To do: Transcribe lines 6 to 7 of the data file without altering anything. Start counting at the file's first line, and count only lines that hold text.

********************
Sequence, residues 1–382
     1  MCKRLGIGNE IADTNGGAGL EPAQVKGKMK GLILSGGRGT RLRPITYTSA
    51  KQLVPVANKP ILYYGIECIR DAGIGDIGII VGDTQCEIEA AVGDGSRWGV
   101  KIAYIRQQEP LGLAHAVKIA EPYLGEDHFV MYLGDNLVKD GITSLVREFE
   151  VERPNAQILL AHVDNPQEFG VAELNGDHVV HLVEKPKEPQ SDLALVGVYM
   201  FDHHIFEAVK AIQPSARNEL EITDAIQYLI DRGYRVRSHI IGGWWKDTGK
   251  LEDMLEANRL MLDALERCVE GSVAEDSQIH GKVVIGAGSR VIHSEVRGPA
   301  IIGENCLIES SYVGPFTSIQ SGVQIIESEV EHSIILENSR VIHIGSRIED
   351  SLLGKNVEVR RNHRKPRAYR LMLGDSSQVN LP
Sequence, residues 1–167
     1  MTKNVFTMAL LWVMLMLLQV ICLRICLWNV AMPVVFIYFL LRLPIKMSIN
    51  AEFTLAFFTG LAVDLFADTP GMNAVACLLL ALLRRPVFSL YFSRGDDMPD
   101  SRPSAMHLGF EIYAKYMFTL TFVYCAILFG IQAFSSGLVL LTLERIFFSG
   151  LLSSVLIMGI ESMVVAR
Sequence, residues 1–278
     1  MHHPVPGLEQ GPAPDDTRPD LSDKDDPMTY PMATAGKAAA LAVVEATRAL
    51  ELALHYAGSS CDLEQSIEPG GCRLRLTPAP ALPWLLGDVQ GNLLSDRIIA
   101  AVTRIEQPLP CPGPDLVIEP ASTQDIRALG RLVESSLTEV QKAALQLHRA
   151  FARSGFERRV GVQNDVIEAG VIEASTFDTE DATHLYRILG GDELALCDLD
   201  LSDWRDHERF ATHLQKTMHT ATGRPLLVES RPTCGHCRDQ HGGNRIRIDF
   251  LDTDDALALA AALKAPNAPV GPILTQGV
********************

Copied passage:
   201  FDHHIFEAVK AIQPSARNEL EITDAIQYLI DRGYRVRSHI IGGWWKDTGK
   251  LEDMLEANRL MLDALERCVE GSVAEDSQIH GKVVIGAGSR VIHSEVRGPA